Due to their herding and hard-working heritage, be prepared to invest a great deal of time and energy into this dog if you are not planning to put them to work. They like to have a specific job to do and then be left to do it without your interference. Your relationship with this dog must be symbiotic, as opposed to a leader-and-worker dynamic, as they do not enjoy being told what to do constantly. These dogs have a history of being left to perform tasks with little or no control or supervision, and they can be well trusted to do so.
Kelpies are wary of strangers and highly territorial, making them good watchdogs, but this trait can make them fearful of new dogs or experiences, so early socialization is essential.
Are These Dogs Good for Families? 🏡
Australian Kelpies love to be around people and thus make great family dogs. They become highly attached to their owners, earning them the nickname, “Velcro dog,” and they are loyal dogs that will constantly be at your side. One caveat is the fact that these dogs require dedicated training and early socialization, or they can be possessive and territorial at times. This can result in over-protection and mild aggression toward strangers. They may be a tad overbearing for smaller children, and you’ll need to keep a close eye to keep them from herding your kids!
Does This Breed Get Along With Other Pets? 🐶 😽
Australian Kelpies usually get along well with other pets, but their herding history may cause them to go after small dogs and other pets. They are especially notorious for their somewhat tense relationship with cats. Unless they have grown up with the family feline, they will likely cause them untold grief.
Things to Know When Owning an Australian Kelpie
Food & Diet Requirements 🦴
Australian Kelpies are active dogs and will need a diet that matches their high energy. Dry kibble is adequate — they’ll need around 1-2 cups per day — but these dogs will thrive on a diet consisting of healthy lean meats. This could include beef and chicken lean meats or organ meats, canned food with high meat content, and homemade bone broths. That said, if they are primarily fed on this diet, you’ll need to keep a careful eye on their nutrient intake.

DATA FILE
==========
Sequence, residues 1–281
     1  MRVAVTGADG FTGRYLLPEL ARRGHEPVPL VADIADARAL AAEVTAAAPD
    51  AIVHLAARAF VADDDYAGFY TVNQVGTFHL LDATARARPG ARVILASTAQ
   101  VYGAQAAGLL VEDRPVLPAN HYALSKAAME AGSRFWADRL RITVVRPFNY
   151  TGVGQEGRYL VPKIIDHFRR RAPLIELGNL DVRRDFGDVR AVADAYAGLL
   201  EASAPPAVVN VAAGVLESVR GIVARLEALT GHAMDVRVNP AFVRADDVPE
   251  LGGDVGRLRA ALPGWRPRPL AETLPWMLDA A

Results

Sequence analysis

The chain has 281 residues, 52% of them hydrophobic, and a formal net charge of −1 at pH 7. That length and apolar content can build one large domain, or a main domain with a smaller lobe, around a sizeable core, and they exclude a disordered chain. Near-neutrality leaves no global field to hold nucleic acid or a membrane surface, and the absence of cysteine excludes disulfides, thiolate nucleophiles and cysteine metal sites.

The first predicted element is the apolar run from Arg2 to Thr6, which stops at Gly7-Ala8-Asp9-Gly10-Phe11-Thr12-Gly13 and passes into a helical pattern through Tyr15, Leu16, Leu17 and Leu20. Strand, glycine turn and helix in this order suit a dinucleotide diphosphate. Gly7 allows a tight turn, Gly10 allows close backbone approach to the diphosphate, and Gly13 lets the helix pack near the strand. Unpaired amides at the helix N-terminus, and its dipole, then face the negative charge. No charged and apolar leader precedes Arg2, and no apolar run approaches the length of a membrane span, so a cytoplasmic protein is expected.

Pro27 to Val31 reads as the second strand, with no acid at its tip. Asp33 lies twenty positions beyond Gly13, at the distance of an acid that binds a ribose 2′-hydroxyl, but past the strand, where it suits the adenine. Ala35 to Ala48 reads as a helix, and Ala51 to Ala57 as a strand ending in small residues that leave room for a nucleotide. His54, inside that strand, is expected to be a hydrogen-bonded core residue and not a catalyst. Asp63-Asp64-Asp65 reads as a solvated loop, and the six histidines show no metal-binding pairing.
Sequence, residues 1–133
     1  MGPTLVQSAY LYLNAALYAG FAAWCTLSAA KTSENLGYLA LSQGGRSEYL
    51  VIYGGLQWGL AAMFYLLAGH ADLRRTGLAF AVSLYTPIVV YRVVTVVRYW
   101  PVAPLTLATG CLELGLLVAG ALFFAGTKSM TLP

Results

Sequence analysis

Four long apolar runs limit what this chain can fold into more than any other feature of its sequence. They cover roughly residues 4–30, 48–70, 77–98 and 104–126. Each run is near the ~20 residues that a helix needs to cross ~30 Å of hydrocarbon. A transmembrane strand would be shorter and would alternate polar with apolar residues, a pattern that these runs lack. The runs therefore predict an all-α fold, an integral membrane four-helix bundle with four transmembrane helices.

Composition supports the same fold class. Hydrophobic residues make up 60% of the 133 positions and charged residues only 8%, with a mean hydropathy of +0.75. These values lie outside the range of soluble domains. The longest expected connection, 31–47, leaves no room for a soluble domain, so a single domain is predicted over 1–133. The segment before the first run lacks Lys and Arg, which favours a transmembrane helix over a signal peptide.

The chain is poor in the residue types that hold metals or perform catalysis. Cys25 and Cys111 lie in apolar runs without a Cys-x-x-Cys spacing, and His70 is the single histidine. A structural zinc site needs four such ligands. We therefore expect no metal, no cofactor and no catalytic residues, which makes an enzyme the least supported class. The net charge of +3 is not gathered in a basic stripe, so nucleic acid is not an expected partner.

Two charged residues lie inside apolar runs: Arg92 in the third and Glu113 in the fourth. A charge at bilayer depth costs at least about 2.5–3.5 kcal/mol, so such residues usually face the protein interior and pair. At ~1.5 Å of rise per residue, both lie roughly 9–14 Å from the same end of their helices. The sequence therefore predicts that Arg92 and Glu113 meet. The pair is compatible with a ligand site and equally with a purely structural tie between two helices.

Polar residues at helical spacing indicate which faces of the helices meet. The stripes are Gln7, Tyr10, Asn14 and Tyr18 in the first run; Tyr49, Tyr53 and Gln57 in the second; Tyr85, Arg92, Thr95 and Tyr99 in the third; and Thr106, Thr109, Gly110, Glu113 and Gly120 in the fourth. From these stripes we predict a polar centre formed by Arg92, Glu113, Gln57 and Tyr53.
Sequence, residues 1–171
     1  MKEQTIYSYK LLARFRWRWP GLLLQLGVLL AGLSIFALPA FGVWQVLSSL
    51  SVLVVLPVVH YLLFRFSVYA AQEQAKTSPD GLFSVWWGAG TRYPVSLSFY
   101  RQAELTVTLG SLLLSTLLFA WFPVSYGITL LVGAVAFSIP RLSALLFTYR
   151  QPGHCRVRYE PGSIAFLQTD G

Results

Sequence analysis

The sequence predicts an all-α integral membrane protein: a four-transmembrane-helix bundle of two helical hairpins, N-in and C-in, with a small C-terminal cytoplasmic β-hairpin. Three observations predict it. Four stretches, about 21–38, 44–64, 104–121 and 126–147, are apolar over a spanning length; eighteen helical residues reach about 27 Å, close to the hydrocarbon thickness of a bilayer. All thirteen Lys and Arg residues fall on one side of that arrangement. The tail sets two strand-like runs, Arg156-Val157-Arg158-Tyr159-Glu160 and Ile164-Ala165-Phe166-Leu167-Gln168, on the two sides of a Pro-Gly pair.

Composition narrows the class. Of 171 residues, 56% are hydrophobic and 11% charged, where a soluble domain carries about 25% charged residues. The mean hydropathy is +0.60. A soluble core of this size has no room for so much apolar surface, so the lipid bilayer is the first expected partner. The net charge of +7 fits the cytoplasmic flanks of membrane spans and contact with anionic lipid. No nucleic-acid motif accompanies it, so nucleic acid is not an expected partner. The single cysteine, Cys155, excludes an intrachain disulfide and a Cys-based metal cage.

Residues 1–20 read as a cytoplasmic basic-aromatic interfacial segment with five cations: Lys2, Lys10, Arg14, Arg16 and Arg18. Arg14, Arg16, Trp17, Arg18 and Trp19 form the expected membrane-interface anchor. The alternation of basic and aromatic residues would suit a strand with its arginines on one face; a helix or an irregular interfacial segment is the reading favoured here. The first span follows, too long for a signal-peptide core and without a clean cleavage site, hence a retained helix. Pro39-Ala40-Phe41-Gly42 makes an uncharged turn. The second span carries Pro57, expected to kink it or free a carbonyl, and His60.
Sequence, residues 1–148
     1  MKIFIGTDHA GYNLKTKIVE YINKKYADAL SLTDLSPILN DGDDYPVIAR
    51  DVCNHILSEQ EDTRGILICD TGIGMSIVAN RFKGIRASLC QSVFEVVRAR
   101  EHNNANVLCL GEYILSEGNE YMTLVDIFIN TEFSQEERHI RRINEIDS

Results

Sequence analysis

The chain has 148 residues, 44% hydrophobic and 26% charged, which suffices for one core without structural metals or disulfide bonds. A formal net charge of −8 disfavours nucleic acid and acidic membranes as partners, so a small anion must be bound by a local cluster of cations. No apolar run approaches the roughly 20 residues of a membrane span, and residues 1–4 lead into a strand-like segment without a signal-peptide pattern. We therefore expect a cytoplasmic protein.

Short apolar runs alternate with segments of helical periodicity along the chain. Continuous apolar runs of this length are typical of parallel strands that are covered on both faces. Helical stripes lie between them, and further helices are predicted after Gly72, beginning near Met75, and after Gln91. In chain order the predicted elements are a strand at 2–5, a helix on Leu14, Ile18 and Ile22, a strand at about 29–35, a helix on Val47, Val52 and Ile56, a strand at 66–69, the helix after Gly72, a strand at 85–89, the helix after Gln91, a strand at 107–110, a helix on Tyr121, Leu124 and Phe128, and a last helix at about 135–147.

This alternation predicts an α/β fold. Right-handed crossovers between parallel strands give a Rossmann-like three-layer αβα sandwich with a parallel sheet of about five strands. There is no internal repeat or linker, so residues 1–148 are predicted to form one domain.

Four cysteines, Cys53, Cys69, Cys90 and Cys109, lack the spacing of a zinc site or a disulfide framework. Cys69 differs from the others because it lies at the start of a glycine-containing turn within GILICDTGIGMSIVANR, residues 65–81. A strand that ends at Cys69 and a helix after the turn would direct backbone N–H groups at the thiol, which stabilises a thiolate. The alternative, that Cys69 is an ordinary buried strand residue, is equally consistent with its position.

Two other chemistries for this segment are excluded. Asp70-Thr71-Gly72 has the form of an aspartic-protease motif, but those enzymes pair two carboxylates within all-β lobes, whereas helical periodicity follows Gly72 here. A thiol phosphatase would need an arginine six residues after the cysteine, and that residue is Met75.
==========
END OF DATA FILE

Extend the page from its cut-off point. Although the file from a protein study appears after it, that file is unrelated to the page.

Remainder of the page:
If you decide to give your Kelpie dry kibble or wet food, try and make sure that it is specially formulated for active dogs and free from filler ingredients like wheat and corn. They should ideally be fed twice daily, whether given kibble or a mixture of foods, as this will keep their fast metabolism energized.
Table scraps should be strictly avoided, as these dogs can easily get overweight, and this can cause untold health consequences. Human foods like wheat, corn, sugar, and dairy should also be strictly avoided for the same reasons.
These active dogs are high-energy animals that require a great deal of intensive exercise, and they are known for running up to 60km a day as working dogs! Not only will regular exercise keep them happy and healthy, but it will also keep their chasing and herding instincts in check. This physical activity should be supplemented with mental challenges to keep their minds active as well. These games, including fetch, frisbee, and hide and seek, will further stimulate their herding instinct and make for a far calmer dog that is even in temperament.
A casual 20-minute stroll just won’t cut it for these dogs, and we recommend at least two hours of daily exercise for Kelpies, split into two sessions. If time is an issue, try jogging or cycling with them, or consider using a weight vest to help expend some energy and build muscle.
Exercise doesn’t need to be confined to only walking or running, and there are other options to tire out your Kelpie. These dogs will thrive in agility classes and groups and will love the challenge of learning new skills. Other activities, like swimming, scenting, and tug of war, are sure to give this breed a good workout.
Australian Kelpies can be a challenge to train, as they have a fiercely independent nature. Whether your Kelpie is a family companion or a working dog, the same principles will apply when training.